A Definition of Spirituality– “You know, for kids…”

Okay, so it’s another reference to the quirky movie Hudsucker Proxy. I can’t help it. The quotation in the title says so much. First of all, I think all–okay, almost all picture books tend to be spiritual in nature. If a person identifies with a Christian worldview, any book can be compared to that belief system; that book can contribute or take away from a personal viewpoint. I tend to be seen as a liberal, and though I tend to be selective about my titles, I attempt to be open-minded to all.

That being said…When I was growing up on the East Coast, you were either Catholic or Jewish. A few of us fell into the area’s smaller religious categories, like maybe Methodist. When I was in seventh grade, a Catholic upperclassman ran up to me and exclaimed, “Did you know your dad is a priest?” “Oh no,” I said sarcastically, “I better go and break the news to my mom.” (I didn’t know, at the time, about married priests of the Episcopal tradition. My dad, however, was a Lutheran pastor, and quite married to my mother then and now.)

In general , where I grew up was an environment of religious celebration, and I feel it was often filled with respect for the different person next to me. Even in public school. Amy Z.’s mom came to first grade and made us potato latkes and taught us how to play dreidel for Hannukah.  We sang songs too! (Listening to my daughter’s Raffi music the other day reminded me of this.)

Now I live in North Dakota, where you are either Lutheran or Not. Nevertheless, religion and Spirituality are favorite topics of mine, though I don’t often think of them alongside my treasured picture books. Sometimes, however, my mind wanders…

The other day, I walked past a dozen or so of M’s sweet Baby Bibles. I also passed our personal collection of titles aimed at teaching lessons. Then, I found a few titles that I simply enjoyed, and they also just happen to have a spiritual or religious bent to them.

Growing up in the Judeo-Christian traditions, I know that this is certainly not an exhaustive list of the wonderful books that are out there. So, feel free to leave the titles in the comments of your own favorite spiritual books for kids raised from a Christian perspective.

Spiritual Books for Kids

  1. On the Night You Were Born by Nancy Tillman. Oh my, how many times did I read this before the good kind of goose flesh stayed away completely? I can still read it and get a tear in my eye. We have a friend who reads it each year on his son’s birthday—What a great way to celebrate! We are special, and as the Judeo-Christian tradition teaches, celebrated even more than the birds and animals around us. Yet, except for a quick reference to a Psalm in the dedication area of the book, religion is never even mentioned. It’s just a really good read with a theme that I believe and attempt to live.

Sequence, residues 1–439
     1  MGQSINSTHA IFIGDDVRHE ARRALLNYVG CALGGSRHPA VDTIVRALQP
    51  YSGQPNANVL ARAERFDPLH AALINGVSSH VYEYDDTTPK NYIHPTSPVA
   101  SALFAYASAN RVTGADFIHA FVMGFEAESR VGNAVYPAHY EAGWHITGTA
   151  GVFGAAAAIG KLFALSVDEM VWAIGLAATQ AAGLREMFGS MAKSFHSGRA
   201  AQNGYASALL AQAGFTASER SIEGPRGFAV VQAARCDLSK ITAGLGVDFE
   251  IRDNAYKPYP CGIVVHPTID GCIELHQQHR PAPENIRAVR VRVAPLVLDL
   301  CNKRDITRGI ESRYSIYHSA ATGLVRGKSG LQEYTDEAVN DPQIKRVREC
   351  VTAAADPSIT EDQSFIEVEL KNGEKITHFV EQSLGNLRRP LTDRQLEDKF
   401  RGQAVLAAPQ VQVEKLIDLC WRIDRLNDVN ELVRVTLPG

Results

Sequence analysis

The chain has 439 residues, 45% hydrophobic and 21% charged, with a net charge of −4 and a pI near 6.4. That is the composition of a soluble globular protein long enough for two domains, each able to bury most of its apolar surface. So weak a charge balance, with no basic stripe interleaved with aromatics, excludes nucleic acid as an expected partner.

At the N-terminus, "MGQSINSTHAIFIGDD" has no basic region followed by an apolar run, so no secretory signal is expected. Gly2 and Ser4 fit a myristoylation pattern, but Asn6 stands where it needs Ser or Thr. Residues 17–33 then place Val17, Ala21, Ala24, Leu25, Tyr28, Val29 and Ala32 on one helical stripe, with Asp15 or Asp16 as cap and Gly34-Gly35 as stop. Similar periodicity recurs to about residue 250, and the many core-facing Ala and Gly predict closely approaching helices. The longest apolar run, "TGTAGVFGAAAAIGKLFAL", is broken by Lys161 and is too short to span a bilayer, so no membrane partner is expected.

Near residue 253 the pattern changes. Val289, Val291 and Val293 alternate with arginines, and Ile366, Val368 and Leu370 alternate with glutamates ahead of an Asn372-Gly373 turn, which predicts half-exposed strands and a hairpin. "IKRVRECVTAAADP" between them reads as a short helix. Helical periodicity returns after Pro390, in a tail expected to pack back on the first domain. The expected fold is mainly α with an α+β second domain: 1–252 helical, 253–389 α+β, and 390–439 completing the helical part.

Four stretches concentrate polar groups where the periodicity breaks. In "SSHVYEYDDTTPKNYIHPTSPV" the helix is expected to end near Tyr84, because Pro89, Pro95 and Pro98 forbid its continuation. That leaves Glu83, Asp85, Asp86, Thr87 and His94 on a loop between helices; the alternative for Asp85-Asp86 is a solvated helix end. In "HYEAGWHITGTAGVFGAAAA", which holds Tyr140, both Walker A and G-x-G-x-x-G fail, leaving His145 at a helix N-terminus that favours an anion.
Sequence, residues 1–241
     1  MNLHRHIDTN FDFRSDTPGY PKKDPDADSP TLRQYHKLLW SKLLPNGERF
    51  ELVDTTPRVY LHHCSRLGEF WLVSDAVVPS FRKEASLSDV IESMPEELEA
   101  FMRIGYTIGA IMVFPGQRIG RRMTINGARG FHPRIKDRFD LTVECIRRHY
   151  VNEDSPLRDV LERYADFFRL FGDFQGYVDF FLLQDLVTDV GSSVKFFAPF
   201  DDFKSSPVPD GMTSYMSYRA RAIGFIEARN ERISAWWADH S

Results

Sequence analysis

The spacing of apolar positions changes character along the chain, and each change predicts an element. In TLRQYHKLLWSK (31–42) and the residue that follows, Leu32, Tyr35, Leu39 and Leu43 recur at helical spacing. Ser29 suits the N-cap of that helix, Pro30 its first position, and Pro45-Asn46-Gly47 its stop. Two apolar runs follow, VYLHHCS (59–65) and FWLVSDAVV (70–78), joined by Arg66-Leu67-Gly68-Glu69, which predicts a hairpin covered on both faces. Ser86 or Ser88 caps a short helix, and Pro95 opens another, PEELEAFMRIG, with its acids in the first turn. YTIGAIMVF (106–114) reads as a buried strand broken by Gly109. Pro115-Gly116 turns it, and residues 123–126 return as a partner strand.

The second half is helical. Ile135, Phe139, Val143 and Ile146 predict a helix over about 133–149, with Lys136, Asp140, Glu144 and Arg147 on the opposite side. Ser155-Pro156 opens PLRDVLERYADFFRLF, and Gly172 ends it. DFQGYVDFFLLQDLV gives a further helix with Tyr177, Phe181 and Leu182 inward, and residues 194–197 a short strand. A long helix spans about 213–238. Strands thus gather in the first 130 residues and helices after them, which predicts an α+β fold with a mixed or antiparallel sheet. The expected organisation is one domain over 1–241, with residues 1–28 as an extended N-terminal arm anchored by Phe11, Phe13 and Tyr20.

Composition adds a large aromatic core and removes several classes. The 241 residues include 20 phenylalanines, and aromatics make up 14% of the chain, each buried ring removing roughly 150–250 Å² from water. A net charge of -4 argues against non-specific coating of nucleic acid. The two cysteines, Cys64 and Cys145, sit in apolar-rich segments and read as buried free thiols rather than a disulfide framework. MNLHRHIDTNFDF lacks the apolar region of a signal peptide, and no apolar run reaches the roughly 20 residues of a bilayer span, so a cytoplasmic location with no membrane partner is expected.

2. You are Special by Max Lucado. This book opened my eyes to the entire idea of spiritual books for children. It reminds me of that wonderful and challenging quotation from St. Francis of Assisi: “Preach the Gospel at all times, and when necessary, use words”—an ultimate definition of spirituality, right? The storyline: When Punchinello is at risk of being overwhelmed with bad marks, he meets Lucia who models a cleaner way. She introduces Punchinello to the woodcarver, who allows Punchinello to experience another way of living.
  3. My Little Book About God by Jane Werner Watson. This classic Little Golden Book can now be found as a sturdy board book. Perhaps some would consider it more religious than spiritual, but the words suggest more: “For God is love…God is the love of our mother’s kiss…the warm strong hug of our daddy’s arms…” Illustrated vibrantly and in a detailed way by Eloise Wilkin, I read this and just feel good, readily wanting to share it with children. The words and pictures also depict the cosmos, a wonderful nod to science and spirituality.
  4. A World of Faith by Peggy Fletcher Stack. There was a time that I only imagined that a book like this existed. Then, one day, thanks to my constant roving for affordable picture books, THIS book seemed to just appear in my hands. It’s an illustrated book for older kids, maybe third grade or older, depending upon their interest in the subject. “This book introduces the remarkable and diverse world of religion to a new generation. It is meant to be a glimpse, a taste, an awakening,” so states the preface to this book that gives background on a long list of religions: Amish, Baha’is, Baptists, Buddhists, Catholics, Christian Scientists, Confucianism, Eastern Orthodox, Episcopalians, Hindus, Hopis, Jews, Lutherans, Methodists, Mormons, Muslims, Pentecostals, Presbyterians, Quakers, Salvation Army, Sikhs, Unitarians, and others. I mean, how much more religious can a book be? Then, why have I included it in a short list of spiritual books for Christian kids? Well, I have included it because it has such an overwhelming spirit of respect to it. The book even includes religions I haven’t even heard of previously, or even ones I wouldn’t have thought to include. It is somewhat simple and straightforward, but it challenges me. It is not didactic; it doesn’t hit me over the head with its intentions.

Okay, I really wanna hear about your favorites out there. I won’t judge or criticize; I just want to hear and enjoy them too whether they fit this personal definition of spirituality or not.

2 thoughts on “A Definition of Spirituality– “You know, for kids…”

  1. Ooooooohhhhh, soo true! What a wonderful story and example! It’s also interesting that I have a post that includes its author, Shel Silverstein, for tomorrow’s post on the unusual lives of children’s writers. Thanks so much, Lois (and I have my childhood copy on my bookshelf, just waiting to be read to M…I read it occasionally myself, of course!)

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